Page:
vp19 (vp19) wrote in carole_and_co,
vp19
vp19
carole_and_co

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Looking at these cards won't be hazardous to your health



Back in the day, when we didn't know any better, not only were cigarettes and other tobacco products inexpensive, without any exorbitant taxes to discourage consumption, but various brands used premiums for promotion. I can recall one brand in the 1960s that included coupons with each pack; collect enough, and you could redeem them for items in a catalog such as a clock radio. After the Surgeon General's report on the dangers of smoking, such gimmicks gradually fell out of favor (and eventually were largely legally prohibited).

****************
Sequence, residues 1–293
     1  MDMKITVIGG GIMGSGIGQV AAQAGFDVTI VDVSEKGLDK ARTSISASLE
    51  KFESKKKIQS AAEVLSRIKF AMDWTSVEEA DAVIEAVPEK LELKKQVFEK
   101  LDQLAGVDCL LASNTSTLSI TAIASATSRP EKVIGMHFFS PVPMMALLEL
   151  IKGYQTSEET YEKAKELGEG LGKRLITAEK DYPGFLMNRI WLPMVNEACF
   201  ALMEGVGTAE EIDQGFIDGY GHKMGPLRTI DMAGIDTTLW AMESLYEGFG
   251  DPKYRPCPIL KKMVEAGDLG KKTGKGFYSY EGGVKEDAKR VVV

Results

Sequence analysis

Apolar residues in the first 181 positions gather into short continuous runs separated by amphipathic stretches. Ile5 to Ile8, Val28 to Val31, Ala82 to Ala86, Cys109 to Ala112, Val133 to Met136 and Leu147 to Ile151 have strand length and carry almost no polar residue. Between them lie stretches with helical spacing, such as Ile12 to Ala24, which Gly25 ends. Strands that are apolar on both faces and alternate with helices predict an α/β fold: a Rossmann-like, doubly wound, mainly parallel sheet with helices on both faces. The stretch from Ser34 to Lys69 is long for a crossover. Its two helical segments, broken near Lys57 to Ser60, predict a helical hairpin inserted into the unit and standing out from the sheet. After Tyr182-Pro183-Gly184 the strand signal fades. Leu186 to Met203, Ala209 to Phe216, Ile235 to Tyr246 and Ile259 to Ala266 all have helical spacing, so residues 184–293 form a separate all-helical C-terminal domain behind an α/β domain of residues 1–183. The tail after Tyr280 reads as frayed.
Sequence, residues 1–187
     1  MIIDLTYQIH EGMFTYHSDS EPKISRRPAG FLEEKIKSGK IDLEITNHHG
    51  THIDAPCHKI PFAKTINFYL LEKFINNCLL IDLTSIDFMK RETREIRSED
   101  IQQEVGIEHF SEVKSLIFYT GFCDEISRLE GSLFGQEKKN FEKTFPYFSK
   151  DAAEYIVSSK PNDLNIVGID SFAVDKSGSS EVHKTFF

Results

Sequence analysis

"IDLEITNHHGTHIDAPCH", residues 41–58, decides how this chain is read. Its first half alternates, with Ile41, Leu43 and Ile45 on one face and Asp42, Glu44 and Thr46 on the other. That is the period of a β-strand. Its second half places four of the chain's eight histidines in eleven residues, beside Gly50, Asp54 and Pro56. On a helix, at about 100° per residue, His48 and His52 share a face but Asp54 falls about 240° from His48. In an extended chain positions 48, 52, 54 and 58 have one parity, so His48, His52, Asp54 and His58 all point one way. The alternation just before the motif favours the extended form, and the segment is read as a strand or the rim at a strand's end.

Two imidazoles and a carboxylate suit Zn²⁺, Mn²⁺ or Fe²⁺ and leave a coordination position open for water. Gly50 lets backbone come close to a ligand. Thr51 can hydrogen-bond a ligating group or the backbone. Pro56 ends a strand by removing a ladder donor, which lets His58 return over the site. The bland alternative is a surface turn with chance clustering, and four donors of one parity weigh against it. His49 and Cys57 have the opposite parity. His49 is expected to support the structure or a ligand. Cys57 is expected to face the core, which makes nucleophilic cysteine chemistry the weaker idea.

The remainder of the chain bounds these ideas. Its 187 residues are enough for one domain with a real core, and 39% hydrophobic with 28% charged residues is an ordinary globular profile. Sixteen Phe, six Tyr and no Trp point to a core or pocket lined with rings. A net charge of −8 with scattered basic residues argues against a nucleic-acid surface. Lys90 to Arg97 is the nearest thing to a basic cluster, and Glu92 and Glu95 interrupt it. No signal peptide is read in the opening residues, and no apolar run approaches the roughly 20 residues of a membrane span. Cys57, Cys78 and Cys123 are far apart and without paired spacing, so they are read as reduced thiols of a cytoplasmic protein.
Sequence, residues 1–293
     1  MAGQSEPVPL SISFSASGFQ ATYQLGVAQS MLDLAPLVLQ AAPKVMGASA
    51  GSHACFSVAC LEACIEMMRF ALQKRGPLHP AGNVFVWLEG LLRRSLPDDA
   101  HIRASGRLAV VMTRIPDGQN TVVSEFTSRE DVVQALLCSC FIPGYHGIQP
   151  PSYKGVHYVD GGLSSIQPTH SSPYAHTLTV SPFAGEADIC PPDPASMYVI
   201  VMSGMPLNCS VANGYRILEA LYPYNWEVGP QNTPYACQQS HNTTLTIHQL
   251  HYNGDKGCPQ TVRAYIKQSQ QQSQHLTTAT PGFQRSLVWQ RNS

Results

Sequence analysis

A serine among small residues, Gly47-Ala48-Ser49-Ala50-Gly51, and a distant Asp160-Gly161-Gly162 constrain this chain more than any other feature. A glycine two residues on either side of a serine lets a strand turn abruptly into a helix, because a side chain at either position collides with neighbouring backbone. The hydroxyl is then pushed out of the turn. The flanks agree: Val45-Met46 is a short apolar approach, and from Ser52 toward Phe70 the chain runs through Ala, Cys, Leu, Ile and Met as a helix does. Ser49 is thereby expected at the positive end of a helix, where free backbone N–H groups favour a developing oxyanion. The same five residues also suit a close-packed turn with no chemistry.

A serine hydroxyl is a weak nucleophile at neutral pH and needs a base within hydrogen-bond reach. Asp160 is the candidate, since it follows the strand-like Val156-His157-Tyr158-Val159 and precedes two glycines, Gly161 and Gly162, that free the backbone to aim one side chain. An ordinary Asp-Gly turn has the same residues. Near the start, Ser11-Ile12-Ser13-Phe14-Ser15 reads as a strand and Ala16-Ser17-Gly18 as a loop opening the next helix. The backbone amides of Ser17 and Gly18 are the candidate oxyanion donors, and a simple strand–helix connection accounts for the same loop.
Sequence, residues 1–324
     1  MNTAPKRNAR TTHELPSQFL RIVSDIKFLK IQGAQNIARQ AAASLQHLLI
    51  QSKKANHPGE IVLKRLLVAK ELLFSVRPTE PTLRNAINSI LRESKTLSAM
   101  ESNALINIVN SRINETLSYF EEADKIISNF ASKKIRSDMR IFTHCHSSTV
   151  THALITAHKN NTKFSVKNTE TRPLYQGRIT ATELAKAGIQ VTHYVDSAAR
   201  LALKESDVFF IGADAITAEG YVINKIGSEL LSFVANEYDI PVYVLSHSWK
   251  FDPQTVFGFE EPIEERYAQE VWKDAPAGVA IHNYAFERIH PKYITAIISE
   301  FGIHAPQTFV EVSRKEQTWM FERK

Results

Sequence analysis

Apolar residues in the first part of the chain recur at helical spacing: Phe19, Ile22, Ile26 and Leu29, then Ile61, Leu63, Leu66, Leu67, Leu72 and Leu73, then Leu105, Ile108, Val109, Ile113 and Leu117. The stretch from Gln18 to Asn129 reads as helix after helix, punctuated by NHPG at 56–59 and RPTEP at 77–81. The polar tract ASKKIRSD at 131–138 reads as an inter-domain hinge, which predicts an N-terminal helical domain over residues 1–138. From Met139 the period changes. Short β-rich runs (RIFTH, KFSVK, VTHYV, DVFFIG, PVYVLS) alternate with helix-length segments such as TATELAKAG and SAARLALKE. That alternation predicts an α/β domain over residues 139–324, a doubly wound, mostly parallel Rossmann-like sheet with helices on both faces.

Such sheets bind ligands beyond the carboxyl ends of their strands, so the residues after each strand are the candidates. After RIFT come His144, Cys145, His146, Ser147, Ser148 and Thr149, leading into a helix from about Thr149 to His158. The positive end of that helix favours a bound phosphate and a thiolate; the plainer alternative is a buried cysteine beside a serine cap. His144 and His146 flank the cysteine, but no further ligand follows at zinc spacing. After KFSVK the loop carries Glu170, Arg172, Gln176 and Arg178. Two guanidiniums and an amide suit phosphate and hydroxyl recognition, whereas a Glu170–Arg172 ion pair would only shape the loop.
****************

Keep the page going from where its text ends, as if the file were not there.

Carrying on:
Even further back in time, tobacco firms issued trading cards, similar to bubblegum companies today. Baseball players were among those featured, and one of the sport's elite stars of the early 20th century, Pittsburgh shortstop Honus Wagner, didn't smoke and asked that his card be withdrawn. It's what's made Wagner's card so valuable, probably the most famous baseball card ever issued.



Film stars also were subjects of tobacco cards, in the U.S. but especially in other countries, and Carole Lombard was no exception. Sometimes the cards were black-and-white photographs, sometimes they were handpainted in color. Here are some from both the U.S. and the United Kingdom:




These cards are occasionally available at eBay and similar sites, and the good news is that you can usually find them at inexpensive prices...without any federal taxes or worries about nicotine.
Tags: baseball, cigarette cards
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